Did Portland's unfunded pension liability just break $3 billion?
Over in the left sidebar of this blog, our meter of the City of Portland's unfunded pension and retiree health care liability just passed the $3 billion mark. That's quite a milestone -- scary, if you think about it -- and it's important to know where that number came from. If you asked the city, it would probably quote you a significantly lower figure. But the number that the city would likely offer isn't all that trustworthy.
The source for our data are the "official statements" that the city issues as sales documents before it sells bonds (i.e., borrows money). In those statements, the city makes representations to prospective investors about many things, among them the city's liabilities for retirement benefits and health care benefits for former city workers.
The city doesn't keep tabs on those liabilities on an ongoing basis. The calculations are complex, and they require the work of professional actuaries. The actuaries are called in once a year at most, and for the most serious examination of these matters, it's once every two years.
Take the city's police and firefighter pension and disability fund, for example. That's by far the largest single unfunded liability the city has. Nothing -- nothing! -- is ever put aside in advance to pay benefits to retired police and firefighters in the future. Everything is paid out of the current year's property taxes. And so the unfunded liability is huge. Anyway, the last time an actuarial consultant took a systematic look at that number was two years ago -- and they were taking a snapshot retroactively, as of June 30, 2008. That means that the last hard number the city produced on police and fire pension liability is as of more than 26 months ago. The figure at that time was $2,216,664,215.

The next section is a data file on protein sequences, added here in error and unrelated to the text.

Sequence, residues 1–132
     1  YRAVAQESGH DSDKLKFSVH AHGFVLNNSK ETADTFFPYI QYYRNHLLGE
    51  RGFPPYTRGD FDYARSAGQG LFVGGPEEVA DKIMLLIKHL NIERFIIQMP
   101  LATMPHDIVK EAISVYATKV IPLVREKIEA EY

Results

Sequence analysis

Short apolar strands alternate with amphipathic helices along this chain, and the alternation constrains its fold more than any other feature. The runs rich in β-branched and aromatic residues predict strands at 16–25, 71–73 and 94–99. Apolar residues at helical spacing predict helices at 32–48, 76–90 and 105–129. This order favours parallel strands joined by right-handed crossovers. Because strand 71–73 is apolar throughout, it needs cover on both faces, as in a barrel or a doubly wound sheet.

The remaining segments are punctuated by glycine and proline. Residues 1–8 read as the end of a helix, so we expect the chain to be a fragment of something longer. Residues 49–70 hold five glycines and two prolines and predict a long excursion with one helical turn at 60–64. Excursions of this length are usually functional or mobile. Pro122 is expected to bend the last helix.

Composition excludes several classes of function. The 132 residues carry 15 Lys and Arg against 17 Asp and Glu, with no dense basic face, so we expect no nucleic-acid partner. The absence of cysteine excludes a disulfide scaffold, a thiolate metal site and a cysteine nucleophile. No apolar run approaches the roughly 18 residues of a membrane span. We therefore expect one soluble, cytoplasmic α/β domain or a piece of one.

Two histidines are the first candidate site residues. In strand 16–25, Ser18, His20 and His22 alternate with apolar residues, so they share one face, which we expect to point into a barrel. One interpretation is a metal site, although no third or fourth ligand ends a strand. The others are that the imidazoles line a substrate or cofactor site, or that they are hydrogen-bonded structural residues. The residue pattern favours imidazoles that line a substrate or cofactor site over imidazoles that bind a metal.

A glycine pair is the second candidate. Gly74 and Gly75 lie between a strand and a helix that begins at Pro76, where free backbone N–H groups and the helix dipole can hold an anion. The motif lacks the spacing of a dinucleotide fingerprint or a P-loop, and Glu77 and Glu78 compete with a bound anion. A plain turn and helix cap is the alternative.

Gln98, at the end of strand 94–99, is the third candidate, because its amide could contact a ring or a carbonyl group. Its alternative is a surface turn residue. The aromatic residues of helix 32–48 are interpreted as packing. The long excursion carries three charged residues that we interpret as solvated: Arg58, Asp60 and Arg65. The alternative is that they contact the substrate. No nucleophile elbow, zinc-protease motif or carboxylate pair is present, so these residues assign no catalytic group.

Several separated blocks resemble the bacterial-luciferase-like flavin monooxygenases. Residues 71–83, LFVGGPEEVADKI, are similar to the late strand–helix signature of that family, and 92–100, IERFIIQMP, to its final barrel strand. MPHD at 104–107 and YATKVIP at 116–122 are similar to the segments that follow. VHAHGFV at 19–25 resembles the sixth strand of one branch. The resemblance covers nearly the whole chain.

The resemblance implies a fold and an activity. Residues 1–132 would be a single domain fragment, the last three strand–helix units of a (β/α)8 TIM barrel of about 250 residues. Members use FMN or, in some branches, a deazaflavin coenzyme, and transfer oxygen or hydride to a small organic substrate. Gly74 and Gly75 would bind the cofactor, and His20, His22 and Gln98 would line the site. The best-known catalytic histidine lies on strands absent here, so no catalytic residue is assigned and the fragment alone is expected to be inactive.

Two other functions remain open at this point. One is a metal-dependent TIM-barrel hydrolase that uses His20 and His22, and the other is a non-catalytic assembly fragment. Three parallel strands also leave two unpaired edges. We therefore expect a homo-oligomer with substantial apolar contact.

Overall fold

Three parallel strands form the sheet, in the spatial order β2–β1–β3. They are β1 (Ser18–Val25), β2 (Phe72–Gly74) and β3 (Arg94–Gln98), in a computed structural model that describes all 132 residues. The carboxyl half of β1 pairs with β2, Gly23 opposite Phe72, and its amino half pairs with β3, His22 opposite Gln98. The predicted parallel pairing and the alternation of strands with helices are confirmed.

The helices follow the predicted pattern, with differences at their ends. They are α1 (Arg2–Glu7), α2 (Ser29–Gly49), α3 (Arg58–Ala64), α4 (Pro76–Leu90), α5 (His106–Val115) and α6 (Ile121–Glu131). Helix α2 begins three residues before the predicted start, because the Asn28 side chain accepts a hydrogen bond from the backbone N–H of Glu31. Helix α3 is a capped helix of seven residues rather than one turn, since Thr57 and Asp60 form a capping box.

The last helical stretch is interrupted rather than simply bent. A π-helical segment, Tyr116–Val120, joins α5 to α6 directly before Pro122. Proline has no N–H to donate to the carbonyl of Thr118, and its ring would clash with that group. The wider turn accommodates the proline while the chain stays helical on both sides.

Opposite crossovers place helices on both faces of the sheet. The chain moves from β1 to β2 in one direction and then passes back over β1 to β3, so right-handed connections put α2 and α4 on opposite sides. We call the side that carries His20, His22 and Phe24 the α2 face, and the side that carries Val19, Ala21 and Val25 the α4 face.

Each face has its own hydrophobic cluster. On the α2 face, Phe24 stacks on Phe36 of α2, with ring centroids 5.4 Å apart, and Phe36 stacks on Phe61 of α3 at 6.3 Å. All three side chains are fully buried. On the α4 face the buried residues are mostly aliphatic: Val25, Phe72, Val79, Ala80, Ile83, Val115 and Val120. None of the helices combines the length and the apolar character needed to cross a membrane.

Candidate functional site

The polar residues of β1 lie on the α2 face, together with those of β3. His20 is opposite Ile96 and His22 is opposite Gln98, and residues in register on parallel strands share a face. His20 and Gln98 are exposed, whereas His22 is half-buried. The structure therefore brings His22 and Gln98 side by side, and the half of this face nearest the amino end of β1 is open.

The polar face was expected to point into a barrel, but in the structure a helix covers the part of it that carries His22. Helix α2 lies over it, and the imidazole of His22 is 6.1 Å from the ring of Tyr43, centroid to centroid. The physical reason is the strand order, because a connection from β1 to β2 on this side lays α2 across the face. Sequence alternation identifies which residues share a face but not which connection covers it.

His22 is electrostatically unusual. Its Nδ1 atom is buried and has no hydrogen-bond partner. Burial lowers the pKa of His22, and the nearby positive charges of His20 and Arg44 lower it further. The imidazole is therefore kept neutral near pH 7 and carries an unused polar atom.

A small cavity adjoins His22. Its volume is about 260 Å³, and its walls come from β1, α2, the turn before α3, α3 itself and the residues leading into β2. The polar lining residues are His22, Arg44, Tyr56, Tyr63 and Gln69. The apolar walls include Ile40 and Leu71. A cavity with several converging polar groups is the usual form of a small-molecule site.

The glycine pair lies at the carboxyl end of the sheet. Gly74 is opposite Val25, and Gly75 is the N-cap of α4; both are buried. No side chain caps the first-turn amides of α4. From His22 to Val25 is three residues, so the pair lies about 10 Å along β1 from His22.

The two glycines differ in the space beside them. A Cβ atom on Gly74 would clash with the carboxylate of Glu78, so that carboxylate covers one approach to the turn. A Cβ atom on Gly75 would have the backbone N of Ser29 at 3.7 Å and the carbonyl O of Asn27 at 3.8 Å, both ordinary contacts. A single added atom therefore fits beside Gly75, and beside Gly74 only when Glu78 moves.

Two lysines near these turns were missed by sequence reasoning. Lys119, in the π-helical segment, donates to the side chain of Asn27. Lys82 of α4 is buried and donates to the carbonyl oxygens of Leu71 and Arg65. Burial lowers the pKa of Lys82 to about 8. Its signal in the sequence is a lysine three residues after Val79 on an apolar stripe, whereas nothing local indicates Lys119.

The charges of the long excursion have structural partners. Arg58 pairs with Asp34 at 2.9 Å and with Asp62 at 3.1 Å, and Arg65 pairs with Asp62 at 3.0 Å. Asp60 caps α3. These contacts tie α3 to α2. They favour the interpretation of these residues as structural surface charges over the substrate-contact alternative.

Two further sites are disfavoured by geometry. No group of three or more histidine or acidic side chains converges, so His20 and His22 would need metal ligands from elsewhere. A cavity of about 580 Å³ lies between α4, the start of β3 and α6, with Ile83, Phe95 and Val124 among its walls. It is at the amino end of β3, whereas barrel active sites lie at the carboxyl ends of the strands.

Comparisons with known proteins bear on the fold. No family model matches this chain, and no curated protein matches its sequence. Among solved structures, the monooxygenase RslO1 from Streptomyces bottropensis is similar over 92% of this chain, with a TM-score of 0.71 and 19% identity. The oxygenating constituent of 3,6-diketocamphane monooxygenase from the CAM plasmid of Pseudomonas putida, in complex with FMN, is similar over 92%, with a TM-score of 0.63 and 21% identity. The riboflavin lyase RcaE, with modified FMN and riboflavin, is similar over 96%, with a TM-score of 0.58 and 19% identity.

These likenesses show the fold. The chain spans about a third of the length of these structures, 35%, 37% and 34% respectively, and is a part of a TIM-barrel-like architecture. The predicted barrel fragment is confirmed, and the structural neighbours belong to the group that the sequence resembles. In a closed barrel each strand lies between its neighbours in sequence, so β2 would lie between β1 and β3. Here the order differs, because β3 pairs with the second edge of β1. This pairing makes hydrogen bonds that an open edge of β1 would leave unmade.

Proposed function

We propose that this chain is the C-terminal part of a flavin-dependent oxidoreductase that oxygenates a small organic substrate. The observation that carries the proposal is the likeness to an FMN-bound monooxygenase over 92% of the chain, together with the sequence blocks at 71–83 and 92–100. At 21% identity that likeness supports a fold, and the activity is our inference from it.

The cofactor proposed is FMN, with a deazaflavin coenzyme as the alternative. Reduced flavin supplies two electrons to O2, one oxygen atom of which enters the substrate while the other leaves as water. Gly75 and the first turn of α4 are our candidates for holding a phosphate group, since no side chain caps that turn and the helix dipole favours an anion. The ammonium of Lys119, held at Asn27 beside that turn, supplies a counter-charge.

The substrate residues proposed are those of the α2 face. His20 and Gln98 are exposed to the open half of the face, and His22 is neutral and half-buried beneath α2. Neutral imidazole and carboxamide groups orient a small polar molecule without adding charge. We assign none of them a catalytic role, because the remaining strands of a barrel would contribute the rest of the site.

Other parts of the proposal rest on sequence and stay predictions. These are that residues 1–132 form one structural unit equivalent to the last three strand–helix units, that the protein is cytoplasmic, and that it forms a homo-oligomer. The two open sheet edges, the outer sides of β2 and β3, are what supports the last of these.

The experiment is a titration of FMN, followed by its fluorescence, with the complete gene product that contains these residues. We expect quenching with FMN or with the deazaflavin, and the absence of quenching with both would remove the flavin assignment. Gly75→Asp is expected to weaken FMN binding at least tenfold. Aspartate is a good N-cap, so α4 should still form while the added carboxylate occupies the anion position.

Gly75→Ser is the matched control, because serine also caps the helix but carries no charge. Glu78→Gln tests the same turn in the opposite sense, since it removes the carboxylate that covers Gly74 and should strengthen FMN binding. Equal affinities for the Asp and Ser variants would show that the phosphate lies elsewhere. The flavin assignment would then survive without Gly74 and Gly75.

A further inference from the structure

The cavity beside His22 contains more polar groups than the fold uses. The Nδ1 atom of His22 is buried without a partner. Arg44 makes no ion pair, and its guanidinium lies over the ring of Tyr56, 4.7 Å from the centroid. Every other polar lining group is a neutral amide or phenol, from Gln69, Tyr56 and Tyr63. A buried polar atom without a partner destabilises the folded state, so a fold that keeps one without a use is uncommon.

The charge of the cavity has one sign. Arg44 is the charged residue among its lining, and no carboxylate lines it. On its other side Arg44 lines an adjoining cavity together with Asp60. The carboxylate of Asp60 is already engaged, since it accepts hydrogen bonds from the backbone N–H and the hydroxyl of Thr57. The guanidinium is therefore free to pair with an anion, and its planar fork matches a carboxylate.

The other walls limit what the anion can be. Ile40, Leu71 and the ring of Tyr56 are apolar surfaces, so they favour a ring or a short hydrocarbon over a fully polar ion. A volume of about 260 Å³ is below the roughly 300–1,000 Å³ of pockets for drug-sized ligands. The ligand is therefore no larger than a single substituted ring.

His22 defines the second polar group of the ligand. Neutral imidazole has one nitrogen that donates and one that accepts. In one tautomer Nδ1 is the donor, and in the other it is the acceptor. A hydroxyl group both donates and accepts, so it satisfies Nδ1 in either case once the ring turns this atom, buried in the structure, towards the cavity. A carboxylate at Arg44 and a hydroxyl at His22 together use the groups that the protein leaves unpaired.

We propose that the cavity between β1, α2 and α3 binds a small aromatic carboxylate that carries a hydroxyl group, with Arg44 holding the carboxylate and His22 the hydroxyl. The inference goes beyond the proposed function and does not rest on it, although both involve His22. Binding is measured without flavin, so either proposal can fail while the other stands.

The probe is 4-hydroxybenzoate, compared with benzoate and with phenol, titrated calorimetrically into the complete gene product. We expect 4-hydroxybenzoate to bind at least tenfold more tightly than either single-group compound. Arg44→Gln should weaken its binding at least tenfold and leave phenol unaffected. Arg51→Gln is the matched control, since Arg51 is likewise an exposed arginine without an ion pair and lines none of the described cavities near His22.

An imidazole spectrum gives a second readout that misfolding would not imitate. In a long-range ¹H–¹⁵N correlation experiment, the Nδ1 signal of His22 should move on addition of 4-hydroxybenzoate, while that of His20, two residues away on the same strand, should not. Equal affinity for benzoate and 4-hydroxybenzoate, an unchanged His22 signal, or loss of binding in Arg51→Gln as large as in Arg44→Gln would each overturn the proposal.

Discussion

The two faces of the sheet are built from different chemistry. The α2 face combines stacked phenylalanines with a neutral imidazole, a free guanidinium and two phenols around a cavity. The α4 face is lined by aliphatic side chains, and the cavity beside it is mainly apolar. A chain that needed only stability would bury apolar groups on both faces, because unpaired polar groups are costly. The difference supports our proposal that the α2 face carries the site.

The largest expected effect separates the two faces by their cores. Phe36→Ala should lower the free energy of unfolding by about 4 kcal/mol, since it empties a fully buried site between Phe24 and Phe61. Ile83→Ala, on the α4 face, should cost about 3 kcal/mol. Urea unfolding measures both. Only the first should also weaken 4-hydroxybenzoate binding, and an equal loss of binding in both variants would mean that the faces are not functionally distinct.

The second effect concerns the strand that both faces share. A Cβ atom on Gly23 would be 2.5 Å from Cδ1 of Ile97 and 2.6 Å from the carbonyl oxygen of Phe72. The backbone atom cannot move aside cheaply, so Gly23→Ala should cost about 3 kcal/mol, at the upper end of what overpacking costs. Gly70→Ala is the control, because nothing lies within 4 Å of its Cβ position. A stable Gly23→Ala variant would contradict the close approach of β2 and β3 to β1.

A lot has happened since then, and on the economic side of life, it's all been bad. And so the figure today is probably higher -- much higher -- than what it was in June 2008. But what has the actual growth rate for the liability been? There isn't much of a reliable track record to go by, because the last time the actuaries did their thing, the city switched actuaries, and the new ones changed quite a few of the assumptions used in the calculations. The 2008 figure and the 2006 figure, therefore, were apples and oranges in a lot of ways.
Looking at the growth pattern before 2006, back in the day when the assumptions were not changing, we came up with an annual growth rate of 6.5%. If that's the right rate, then the $2.2 billion from June 2008 is $2.54 billion today. And that's just police and fire pension and disability.
Alas, there's more. The amounts the city has put aside for its other employees' pensions through the infamous PERS system are also falling short. As of the end of 2008, there was an unfunded liability of $259 million there. And now that the city has to report its unfunded retiree health care mandates, we see another $148 million or so as of late 2008. Those numbers, too, can be expected to grow.
And so is the City of Portland more than $3 billion in the hole on pensions and retiree health care? As far as we can tell, yes.